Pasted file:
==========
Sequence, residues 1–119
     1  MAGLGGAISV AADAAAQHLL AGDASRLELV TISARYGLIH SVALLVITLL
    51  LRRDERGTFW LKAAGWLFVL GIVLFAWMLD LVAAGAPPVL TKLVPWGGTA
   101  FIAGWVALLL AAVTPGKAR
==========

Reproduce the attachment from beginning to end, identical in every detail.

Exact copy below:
Sequence, residues 1–119
     1  MAGLGGAISV AADAAAQHLL AGDASRLELV TISARYGLIH SVALLVITLL
    51  LRRDERGTFW LKAAGWLFVL GIVLFAWMLD LVAAGAPPVL TKLVPWGGTA
   101  FIAGWVALLL AAVTPGKAR